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Psalm 11:4-5

4. Jehovah is in the palace of his holiness: Jehovah has his throne in heaven; his eyes behold, 244244     The Sentuagint has here the addition of Εις τον πενητα, “the afflicted one.” “His eyes behold the afflicted one.” and his eyelids consider the children of men. 5. Jehovah approves the righteous man; but his soul hateth the ungodly, and him who loveth iniquity.

 

4. Jehovah is in the palace of his holiness. In what follows, the Psalmist glories in the assurance of the favor of God, of which I have spoken. Being destitute of human aid, he betakes himself to the providence of God. It is a signal proof of faith, as I have observed elsewhere, to take and to borrow, so to speak, 245245     “De prendre et par maniere de dire, emprunter lumiere du ciel.” — Fr. light from heaven to guide us to the hope of salvation, when we are surrounded in this world with darkness on every side. All men acknowledge that the world is governed by the providence of God; but when there comes some sad confusion of things, which disturbs their ease, and involves them in difficulty, there are few who retain in their minds the firm persuasion of this truth. But from the example of David, we ought to make such account of the providence of God as to hope for a remedy from his judgment, even when matters are in the most desperate condition. There is in the words an implied contrast between heaven and earth; for if David’s attention had been fixed on the state of things in this world, as they appeared to the eye of sense and reason, he would have seen no prospect of deliverance from his present perilous circumstances. But this was not David’s exercise; on the contrary, when in the world all justice lies trodden under foot, and faithfulness has perished, he reflects that God sits in heaven perfect and unchanged, from whom it became him to look for the restoration of order from this state of miserable confusion. He does not simply say that God dwells in heaven; but that he reigns there, as it were, in a royal palace, and has his throne of judgment there. Nor do we indeed render to him the honor which is his due, unless we are fully persuaded that his judgment-seat is a sacred sanctuary for all who are in affliction and unrighteously oppressed. When, therefore, deceit, craft, treachery, cruelty, violence, and extortion, reign in the world; in short, when all things are thrown into disorder and darkness by injustice and wickedness, let faith serve as a lamp to enable us to behold God’s heavenly throne, and let that sight suffice to make us wait in patience for the restoration of things to a better state. The temple of his holiness, or his holy temple, which is commonly taken for Sion, doubtless here signifies heaven; and that it does so is clearly shown by the repetition in the next clause, Jehovah has his throne in Heaven; for it is certain David expresses the same thing twice.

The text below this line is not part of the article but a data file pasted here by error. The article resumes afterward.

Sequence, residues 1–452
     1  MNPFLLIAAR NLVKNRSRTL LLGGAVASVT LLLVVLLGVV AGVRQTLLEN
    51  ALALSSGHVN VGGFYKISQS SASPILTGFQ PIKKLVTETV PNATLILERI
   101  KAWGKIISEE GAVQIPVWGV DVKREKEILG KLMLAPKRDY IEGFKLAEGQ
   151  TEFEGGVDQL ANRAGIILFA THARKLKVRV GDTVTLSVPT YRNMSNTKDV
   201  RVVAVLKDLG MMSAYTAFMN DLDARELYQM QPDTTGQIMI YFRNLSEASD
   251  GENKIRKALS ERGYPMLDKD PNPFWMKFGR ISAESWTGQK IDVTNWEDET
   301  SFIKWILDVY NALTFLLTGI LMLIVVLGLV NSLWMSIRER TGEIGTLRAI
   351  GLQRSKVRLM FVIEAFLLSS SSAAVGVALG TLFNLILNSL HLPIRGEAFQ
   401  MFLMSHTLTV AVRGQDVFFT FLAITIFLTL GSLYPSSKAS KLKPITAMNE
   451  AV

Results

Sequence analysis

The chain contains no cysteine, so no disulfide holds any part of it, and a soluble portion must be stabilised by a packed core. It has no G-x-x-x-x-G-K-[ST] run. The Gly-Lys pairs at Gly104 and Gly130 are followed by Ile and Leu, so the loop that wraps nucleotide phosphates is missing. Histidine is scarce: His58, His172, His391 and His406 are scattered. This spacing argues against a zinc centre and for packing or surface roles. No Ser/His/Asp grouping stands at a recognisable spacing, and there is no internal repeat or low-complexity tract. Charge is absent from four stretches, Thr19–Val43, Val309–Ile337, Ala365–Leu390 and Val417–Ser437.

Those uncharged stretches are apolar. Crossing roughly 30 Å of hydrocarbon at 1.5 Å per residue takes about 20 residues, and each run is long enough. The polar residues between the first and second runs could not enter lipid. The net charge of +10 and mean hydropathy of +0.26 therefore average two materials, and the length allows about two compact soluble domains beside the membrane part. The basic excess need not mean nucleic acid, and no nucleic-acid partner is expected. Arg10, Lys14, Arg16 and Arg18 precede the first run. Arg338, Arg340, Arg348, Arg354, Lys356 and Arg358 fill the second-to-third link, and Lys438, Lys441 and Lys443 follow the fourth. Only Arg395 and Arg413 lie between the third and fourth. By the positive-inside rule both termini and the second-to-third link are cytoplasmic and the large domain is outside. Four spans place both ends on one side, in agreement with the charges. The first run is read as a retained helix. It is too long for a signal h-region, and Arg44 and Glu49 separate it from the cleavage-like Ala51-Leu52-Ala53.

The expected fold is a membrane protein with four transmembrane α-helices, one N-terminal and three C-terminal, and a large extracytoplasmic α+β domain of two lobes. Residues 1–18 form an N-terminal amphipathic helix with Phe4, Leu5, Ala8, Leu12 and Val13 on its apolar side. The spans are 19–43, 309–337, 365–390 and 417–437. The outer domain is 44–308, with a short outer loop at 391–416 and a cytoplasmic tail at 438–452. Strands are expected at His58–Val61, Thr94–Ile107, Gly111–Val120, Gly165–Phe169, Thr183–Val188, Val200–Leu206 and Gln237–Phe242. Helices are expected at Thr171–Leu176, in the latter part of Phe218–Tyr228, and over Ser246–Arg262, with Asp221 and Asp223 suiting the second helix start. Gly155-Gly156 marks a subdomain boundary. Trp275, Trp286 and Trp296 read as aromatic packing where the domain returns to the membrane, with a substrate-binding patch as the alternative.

His eyes behold. Here he infers, from the preceding sentence, that nothing is hidden from God, and that, therefore, men will be obliged to render up to him an account of all that they have done. If God reigns in heaven, and if his throne is erected there, it follows that he must necessarily attend to the affairs of men, in order one day to sit in judgment upon them. Epicurus, and such like him as would persuade themselves that God is idle, and indulges in repose in heaven, may be said rather to spread for him a couch on which to sleep than to erect for him a throne of judgment. But it is the glory of our faith that God, the Creator of the world, does not disregard or abandon the order which he himself at first established. And when he suspends his judgments for a time, it becomes us to lean upon this one truth that he beholds from heaven; just as we now see David contenting himself with this consolatory consideration alone, that God rules over mankind, and observes whatever is transacted in the world, although his knowledge, and the exercise of his jurisdiction, are not at first sight apparent. This truth is still more clearly explained in what is immediately added in the fifth verse, that God distinguishes between the righteous and the unrighteous, and in such a way as shows that he is not an idle spectator; for he is said to approve the righteous, and to hate the wicked The Hebrew word בחן, bachan, which we have rendered to approve, often signifies to examine or try. But in this passage I explain it as simply meaning, that God so inquires into the cause of every man as to distinguish the righteous from the wicked. It is farther declared, that God hates those who are set upon the infliction of injuries, and upon doing mischief. As he has ordained mutual intercourse between men, so he would have us to maintain it inviolable. In order, therefore, to preserve this his own sacred and appointed order, he must be the enemy of the wicked, who wrong and are troublesome to others. There is also here contrasted God’s hatred of the wicked, and wicked men’s love of iniquity, to teach us that those who please and flatter themselves in their mischievous practices gain nothing by such flatteries, and only deceive themselves.


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